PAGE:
"...the exhibition features eight modern modular house projects that have recently been realized. The designs address a range of approaches to prefabrication, including off-site construction, customized sections that are assembled on-site, and kits with plans and parts from which a house can be constructed."
Ecorazzi says "...you can see scale models of prefab homes, pictures, and samples of materials. Architects Marmol Radziner Prefab, Lazor, and Alchemy Architects are showcased..."
what: Some Assembly Required Exhibit
where: MOCA at the Pacific Design Center in Los Angeles
when: February 28 - May 20, 2007
After the original competition for the Dwell Home was received with so much enthusiasm, Dwell hosted another competition for the Dwell Home II:
"Sustainable building technologies are now part of the design guidelines for everyone from the federal government to private industry. To help push home design in the same direction, Dwell invited five of Los Angeles's top firms to create a sustainable single-family home in Los Angeles."
While the competition didn't require the home to be a prefab design, investigations into green building techniques led the winning architects, Frank Escher and Ravi GuneWardena, to choose a panelized concrete product, similar to a SIP:
"North Hollywood-based Green Sandwich Technologies. Green Sandwich manufactures what they describe as 'completely engineered structural concrete insulating panels (SCIPs).' The company goes on to state that their 'Green Sandwich Building System is the "greenest" structural building product available in the United States,' with every aspect of the system, from panel manufacturing to panel erection, engineered so the products generate the least amount of waste, fuel consumption, and environmental disruption."The panelized system is much less pre-fab than some of the modular methods out there, but some characteristics are worth noting:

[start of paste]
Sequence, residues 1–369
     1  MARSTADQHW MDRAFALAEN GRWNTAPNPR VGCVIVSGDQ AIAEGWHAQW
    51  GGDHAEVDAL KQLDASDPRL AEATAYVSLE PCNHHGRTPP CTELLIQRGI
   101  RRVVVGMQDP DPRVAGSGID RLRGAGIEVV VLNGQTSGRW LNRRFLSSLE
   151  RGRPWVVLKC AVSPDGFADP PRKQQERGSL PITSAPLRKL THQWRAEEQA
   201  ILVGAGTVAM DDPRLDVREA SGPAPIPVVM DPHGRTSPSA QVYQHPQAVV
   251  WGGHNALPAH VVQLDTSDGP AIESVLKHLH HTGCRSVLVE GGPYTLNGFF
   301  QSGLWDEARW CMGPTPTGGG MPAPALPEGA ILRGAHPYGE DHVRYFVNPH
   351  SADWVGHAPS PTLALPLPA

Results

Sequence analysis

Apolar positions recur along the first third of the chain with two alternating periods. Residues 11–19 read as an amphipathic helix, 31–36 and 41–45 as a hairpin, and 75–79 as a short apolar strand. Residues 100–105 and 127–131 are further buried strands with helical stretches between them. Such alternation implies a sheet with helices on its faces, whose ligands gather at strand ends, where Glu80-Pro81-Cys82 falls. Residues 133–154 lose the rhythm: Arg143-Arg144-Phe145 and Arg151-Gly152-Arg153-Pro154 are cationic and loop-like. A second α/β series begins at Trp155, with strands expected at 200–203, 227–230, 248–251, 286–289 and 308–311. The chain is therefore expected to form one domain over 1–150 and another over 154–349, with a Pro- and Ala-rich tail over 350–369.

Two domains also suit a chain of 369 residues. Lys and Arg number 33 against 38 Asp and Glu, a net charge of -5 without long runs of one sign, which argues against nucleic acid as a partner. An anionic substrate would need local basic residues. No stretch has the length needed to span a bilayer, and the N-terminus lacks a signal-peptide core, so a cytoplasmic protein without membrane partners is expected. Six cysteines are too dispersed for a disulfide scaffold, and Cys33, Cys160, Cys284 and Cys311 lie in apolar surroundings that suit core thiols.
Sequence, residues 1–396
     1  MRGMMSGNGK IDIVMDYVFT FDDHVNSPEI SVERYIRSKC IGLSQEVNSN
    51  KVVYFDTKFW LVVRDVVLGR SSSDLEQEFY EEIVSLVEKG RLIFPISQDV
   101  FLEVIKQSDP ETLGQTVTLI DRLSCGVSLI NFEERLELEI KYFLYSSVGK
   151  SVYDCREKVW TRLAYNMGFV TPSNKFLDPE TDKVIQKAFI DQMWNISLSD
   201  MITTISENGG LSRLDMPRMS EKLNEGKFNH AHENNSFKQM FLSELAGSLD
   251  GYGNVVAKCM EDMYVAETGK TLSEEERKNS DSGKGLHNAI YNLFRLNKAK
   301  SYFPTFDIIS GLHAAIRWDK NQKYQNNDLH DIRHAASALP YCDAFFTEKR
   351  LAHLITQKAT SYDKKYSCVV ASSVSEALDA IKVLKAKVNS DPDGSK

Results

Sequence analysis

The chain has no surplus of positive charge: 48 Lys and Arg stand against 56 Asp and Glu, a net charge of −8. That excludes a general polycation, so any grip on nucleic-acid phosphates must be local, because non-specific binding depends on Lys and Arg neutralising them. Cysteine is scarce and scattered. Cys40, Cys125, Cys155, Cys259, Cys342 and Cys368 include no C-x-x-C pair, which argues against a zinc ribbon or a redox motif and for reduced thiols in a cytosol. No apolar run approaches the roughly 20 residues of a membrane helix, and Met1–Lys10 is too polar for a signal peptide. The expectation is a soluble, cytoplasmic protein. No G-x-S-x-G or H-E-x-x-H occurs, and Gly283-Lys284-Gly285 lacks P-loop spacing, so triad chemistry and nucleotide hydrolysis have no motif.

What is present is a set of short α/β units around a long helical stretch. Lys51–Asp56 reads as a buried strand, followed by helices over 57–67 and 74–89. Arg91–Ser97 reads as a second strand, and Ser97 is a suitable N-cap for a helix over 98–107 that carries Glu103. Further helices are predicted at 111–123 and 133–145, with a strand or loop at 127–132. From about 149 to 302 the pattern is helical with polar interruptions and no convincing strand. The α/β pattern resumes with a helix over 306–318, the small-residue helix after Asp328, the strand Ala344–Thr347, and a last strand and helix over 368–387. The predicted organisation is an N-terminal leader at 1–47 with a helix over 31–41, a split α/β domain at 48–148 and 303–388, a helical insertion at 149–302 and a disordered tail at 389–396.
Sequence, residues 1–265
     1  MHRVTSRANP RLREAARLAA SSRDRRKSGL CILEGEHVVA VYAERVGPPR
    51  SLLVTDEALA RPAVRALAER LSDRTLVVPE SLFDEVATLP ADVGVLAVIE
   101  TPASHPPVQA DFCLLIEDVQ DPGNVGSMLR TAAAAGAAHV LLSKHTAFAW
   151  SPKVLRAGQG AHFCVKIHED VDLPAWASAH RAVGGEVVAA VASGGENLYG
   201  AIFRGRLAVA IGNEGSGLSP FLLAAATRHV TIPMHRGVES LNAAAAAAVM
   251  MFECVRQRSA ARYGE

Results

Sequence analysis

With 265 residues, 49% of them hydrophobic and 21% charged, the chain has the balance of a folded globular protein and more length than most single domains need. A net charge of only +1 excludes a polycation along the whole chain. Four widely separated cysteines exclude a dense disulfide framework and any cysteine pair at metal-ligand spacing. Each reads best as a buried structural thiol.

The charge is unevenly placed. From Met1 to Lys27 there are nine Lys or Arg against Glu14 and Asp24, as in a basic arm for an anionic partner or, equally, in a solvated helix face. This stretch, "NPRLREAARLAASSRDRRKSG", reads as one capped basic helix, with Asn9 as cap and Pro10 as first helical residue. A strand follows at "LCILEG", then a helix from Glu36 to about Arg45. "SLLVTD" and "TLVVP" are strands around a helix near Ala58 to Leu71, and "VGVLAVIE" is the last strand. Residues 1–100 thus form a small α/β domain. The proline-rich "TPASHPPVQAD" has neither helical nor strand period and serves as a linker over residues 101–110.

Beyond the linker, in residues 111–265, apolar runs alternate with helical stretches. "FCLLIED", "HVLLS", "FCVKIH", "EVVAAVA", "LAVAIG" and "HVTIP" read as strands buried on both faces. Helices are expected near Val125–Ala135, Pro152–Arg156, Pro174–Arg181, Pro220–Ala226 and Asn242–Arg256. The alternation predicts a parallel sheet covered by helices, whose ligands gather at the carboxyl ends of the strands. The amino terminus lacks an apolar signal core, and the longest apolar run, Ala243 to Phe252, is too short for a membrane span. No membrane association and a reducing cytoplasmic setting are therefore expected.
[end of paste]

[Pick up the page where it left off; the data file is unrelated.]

• integrated utility chases
• can be built in approximately half the time of conventional stick-built construction
• an unlimited number of finishes and design configurations
• transfer about 66% less noise than wood-frame or steel-framed walls See the company's website for more detailed information on the system.
The competition took place in 2004; since then, the homeowners and Escher GuneWardena have been finalizing the design and construction methods as well as navigating the complicated permitting process:
"Deciding to build a home is usually just the beginning of a bureaucratic maze of city offices, inspectors, and paperwork. Due to the Dwell Home II's unique location, the land falls under the jurisdiction of the California Coastal Commission, an agency established to 'protect public beach access, wetlands, wildlife on land and in the seas, water quality, scenic vistas, and coastal tourism.'"